Now, all that’s left to do is study for the license exam. We recommend reviewing your prelicensing course material to start. If you’d like more practice, consider purchasing an exam prep package from an Arizona real estate school.

The CE Shop’s Exam Prep Edge, for instance, is packed full of practice questions so that you can rest assured you’ll pass your exam on your first try.

4. Find a Broker to Hire You

As in other states, Arizona requires real estate agents to work under a licensed broker. A broker is a real estate professional with experience and additional training that qualifies them to oversee real estate agents. Once you’ve found a broker, they must register you in the Arizona Department of Real Estate online system before you are able to legally work as an agent.

Joining a brokerage is similar to applying for a job, so dust off your resume and interview skills. A real estate agent’s compensation is based entirely on commission. Some brokerages may be very selective about who represents their brand in the community, while others may be happy to have as many agents as possible working under their umbrella. Here are some of the best real estate companies to work for to help you in your search.

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5. Apply for Your Arizona Real Estate License

After completing the first five steps, you’ll be ready to complete the Arizona real estate sales application. At this point, you’ve taken all the necessary coursework, passed the exam, received your fingerprint clearance card, and have been hired to work under a broker.

In addition to submitting your official application and paying the $60 fee, a few other forms require your attention. You need to provide proof of legal presence and complete a disciplinary actions disclosure form.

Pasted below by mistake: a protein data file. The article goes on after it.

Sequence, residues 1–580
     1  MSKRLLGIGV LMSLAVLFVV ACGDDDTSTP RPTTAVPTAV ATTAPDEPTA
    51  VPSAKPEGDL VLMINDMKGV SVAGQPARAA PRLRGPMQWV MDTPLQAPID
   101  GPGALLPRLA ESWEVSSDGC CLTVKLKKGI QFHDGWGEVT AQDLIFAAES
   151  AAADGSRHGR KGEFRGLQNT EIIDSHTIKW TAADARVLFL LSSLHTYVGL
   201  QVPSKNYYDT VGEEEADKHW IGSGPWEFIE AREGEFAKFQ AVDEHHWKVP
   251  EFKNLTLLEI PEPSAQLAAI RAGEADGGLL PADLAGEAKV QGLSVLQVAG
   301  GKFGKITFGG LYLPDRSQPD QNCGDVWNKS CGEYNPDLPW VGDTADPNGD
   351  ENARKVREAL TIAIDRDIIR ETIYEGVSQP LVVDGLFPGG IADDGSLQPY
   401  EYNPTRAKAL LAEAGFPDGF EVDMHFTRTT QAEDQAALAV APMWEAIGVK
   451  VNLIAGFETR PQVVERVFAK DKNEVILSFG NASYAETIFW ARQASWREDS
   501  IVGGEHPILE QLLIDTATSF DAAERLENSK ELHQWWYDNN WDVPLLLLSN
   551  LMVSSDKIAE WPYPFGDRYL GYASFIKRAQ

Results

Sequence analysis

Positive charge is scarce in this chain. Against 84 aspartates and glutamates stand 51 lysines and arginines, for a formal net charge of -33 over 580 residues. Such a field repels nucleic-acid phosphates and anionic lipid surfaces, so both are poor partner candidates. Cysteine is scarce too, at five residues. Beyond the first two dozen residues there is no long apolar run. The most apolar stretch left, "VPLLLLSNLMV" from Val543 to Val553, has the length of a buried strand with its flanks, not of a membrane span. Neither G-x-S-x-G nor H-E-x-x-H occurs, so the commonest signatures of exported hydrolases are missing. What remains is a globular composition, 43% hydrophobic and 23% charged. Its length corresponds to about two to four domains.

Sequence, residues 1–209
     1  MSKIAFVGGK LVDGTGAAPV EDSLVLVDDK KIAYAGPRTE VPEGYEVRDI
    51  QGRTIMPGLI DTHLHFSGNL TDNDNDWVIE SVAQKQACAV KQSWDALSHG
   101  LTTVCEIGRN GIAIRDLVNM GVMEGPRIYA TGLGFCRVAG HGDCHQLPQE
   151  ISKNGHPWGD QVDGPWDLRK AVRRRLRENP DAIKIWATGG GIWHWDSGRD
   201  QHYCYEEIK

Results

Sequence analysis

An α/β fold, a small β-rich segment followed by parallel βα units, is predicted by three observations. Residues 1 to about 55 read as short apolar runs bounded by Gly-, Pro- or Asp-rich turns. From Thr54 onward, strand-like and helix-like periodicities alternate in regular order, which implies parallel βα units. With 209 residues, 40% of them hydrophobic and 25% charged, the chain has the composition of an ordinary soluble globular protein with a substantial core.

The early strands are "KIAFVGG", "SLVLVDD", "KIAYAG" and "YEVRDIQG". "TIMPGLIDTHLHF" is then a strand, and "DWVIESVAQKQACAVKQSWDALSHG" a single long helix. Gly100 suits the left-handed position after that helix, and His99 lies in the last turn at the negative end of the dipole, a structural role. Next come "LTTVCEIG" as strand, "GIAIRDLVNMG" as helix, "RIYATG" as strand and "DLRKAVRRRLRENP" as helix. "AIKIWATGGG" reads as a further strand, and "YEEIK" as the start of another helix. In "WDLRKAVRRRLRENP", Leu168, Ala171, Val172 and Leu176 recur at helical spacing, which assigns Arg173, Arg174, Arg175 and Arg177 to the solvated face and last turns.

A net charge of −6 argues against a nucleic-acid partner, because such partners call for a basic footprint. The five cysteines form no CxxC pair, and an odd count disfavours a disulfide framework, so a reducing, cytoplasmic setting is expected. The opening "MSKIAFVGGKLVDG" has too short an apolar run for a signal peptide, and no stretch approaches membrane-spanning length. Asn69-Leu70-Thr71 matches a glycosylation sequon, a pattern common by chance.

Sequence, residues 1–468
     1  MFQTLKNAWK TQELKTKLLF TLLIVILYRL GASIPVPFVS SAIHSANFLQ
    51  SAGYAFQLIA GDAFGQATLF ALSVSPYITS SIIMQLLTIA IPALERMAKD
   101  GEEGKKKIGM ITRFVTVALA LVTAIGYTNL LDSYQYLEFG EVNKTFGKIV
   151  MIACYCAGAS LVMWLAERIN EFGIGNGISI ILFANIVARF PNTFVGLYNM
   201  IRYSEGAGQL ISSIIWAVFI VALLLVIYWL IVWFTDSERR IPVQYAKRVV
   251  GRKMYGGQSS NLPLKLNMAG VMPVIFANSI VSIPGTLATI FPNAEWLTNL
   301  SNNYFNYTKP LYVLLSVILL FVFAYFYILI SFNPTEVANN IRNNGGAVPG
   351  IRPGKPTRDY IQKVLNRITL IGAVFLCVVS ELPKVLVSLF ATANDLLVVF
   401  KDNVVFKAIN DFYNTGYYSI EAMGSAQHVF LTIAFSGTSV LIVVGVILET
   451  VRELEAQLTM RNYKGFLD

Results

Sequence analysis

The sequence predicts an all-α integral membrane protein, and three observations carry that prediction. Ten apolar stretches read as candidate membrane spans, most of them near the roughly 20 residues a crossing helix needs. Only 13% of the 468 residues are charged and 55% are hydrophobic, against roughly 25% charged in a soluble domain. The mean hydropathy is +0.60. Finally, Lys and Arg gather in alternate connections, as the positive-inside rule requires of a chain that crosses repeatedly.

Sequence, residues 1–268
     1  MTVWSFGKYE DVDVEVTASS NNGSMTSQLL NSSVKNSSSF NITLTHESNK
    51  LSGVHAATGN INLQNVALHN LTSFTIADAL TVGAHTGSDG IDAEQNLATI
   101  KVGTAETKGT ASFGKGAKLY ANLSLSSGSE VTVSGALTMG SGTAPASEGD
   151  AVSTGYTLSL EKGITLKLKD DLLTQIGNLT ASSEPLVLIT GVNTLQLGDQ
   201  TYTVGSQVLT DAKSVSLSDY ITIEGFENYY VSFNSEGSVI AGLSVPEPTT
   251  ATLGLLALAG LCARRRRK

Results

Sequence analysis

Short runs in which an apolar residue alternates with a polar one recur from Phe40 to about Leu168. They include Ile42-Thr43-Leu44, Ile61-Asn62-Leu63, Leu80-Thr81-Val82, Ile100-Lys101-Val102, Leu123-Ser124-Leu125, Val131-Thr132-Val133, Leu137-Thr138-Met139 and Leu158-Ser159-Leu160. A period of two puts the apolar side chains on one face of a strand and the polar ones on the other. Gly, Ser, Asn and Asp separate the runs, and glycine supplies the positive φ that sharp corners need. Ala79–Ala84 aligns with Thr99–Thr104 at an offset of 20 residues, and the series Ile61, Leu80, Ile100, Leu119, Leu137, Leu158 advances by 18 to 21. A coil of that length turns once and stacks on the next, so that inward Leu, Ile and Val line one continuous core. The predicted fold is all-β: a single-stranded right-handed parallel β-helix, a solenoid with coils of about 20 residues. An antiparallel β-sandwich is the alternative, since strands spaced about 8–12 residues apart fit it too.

How Much Does It Cost to Get a Real Estate License in Arizona?

arizona real estate license costs

It costs around $900 to get an Arizona real estate license. The cost takes into account the one-time fees you’ll need to pay to take your license exam or complete your background check or license application. Take a look at our breakdown of costs associated with getting your Arizona real estate license.

Prelicensing Classes (96 Hours)$619 (The CE Shop)
Examination Application and Fees$75
License Fee$60
Background Check$67

How to Get a Real Estate License in Arizona: FAQs

We hope we’ve provided a comprehensive view of how to become a real estate agent in Arizona. We’ve assembled answers to some of the most commonly asked questions about the process here. If you have additional questions, please feel free to leave them in the comments section below. We’d love to hear from you!

Ready to Get Started in Your New Career?

Now that you know how to get an Arizona real estate license, you may want to explore this new career opportunity. Check out our guide on how to get a real estate license, and don’t forget to join our Facebook community of seasoned agents. In The Close Real Estate Agents Mastermind, you can get in on the conversation about launching and leveling up your real estate career.